A Llama in Times Square (1957)
Play Essay Like many of the iconic images for which she is recognized, Inge Morath’s A Llama in Times Square originated in a magazine assignment. In its December 2, 1957 issue, LIFE magazine published a one-page story, in its humorous Animals section, entitled High-paid llama in big city. The story was about a menagerie of television animals—including, in addition to the llama, large and small dogs, cats, birds, a pig, a kangaroo, and a miniature bull—living at home with their trainers in a Manhattan brownstone. The story in LIFE featured three photographs by Morath, including a cropped close-up of Linda the Llama. Curiously, the caption accompanying the closeup describes the llama as ogling from the window of a taxi on her way to make a television appearance. In fact, she was in the back seat of her trainer’s car, and, as Morath explains, on her way home from the studio when the picture was taken. Morath’s full caption reads, “Linda, the Lama (sic) rides home via Broadway. She is just coming home from a television show in New York’s A.B.C. studios and now takes a relaxed and long-necked look at the lights of one of the world’s most famous streets.” In Morath’s work chronology, her contact sheets for the story are marked “57-1,” indicating that this was her first assignment in the year 1957. On the back of a vintage work print of the iconic picture, Morath has inscribed the caption, “57-1. That’s when that was—driving around with Linda the Llama.” Nevertheless, a selection of snapshots taken by an unknown photographer, showing Morath posing with the llama and her trainers and photographing them on a New York City street, are all dated 1956 in Morath’s hand. These indicate that she had spent a great deal of time getting to know her subjects, and may even have been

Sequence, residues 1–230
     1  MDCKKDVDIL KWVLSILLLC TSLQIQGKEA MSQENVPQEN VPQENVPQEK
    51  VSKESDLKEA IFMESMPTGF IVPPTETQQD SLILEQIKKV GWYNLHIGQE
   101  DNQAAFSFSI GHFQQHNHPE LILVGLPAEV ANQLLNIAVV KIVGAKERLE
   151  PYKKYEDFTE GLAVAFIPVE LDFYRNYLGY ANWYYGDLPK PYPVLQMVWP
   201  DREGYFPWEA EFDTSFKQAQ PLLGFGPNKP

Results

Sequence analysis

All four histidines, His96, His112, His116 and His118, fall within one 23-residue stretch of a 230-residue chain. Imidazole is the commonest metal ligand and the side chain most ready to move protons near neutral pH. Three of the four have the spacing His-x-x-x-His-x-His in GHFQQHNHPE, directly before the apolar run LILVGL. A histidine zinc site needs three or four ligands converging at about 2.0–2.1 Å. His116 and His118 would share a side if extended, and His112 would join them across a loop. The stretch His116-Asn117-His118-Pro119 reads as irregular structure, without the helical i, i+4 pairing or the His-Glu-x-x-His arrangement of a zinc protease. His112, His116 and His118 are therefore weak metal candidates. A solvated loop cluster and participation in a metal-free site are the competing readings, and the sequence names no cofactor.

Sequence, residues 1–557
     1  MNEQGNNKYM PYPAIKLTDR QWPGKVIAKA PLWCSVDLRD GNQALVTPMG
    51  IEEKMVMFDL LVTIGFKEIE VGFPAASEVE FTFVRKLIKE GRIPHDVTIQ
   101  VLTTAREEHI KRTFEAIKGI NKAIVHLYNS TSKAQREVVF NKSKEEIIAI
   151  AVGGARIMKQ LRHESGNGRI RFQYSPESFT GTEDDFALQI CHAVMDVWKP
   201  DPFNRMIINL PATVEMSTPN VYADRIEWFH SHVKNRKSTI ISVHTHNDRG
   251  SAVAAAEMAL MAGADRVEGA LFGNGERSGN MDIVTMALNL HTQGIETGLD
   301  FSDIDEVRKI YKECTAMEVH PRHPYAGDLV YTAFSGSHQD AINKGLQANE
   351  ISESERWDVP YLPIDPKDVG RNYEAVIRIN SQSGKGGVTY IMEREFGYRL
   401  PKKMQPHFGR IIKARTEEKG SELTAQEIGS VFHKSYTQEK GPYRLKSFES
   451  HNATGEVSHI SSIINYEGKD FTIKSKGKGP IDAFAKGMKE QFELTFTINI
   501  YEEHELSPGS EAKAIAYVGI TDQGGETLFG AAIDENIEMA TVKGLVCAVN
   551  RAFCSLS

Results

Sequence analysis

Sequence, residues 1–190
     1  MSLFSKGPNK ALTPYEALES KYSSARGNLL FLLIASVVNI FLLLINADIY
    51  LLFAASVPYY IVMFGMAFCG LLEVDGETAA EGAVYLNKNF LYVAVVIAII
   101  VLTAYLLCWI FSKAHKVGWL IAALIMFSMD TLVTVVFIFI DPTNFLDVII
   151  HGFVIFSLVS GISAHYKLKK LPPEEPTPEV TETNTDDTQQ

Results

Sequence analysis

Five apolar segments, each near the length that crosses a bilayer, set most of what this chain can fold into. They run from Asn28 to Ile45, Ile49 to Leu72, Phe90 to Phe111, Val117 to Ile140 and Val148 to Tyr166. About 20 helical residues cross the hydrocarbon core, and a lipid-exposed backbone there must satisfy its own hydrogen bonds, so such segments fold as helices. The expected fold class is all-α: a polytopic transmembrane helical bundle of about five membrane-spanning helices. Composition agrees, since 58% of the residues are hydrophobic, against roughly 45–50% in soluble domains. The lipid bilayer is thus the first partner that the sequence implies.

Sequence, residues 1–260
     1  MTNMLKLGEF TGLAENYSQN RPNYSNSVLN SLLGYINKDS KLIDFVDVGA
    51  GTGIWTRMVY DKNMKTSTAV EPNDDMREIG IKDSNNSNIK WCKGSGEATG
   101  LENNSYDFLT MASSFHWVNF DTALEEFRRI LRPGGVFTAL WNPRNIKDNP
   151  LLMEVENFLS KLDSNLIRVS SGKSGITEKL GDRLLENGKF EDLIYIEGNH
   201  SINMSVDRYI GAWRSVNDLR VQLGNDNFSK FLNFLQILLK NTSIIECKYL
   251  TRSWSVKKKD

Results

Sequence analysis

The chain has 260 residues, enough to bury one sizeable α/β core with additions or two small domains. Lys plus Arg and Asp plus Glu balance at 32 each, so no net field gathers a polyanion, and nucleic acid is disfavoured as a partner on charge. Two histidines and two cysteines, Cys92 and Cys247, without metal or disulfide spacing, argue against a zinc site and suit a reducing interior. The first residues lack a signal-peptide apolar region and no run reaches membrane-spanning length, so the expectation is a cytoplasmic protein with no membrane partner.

responsible for “pitching” the story to LIFE well in advance of the time it was published. Such was Morath’s typical working method. Since its original publication in LIFE, A Llama in Times Square has been exhibited and republished extensively, taking on a life of its own. The photograph is undoubtedly the most recognizable and beloved of Inge Morath’s iconic images, having been seen everywhere from classrooms and calendars to museum walls and even Oprah Winfrey’s O magazine. Viewed alone, it appears to have been a perfect example of being in the right place at just the right moment. In fact, as Morath’s contact sheets show, it was the result of considerable work and forethought. An appearance of spontaneity, masking the reality of careful planning, is one of the prime characteristics of Morath’s work as photojournalist, and shows the degree of comfort that she was able to establish with her subjects while working on their stories.